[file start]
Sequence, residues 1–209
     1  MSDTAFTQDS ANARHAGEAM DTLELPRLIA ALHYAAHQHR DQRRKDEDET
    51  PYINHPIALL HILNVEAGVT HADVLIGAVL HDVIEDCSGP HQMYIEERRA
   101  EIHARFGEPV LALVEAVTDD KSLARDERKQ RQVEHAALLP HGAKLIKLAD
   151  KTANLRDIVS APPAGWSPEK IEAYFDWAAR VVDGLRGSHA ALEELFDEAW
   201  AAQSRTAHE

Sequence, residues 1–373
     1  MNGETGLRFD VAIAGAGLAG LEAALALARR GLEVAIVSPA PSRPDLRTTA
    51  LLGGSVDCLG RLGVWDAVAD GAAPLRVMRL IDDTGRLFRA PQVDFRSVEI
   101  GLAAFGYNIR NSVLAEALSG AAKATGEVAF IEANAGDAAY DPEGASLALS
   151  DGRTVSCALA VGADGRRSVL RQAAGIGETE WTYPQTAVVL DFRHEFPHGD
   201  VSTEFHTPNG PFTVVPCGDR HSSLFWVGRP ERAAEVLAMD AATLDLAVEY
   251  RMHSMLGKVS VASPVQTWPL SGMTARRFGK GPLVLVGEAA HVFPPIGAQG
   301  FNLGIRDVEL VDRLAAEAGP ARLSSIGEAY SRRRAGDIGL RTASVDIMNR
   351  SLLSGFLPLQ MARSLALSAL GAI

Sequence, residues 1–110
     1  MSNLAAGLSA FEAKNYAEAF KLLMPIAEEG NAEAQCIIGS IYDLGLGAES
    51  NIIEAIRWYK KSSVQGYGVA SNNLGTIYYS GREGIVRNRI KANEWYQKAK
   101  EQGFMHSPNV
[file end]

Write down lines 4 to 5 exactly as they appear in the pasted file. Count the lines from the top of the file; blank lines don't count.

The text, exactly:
   101  EIHARFGEPV LALVEAVTDD KSLARDERKQ RQVEHAALLP HGAKLIKLAD
   151  KTANLRDIVS APPAGWSPEK IEAYFDWAAR VVDGLRGSHA ALEELFDEAW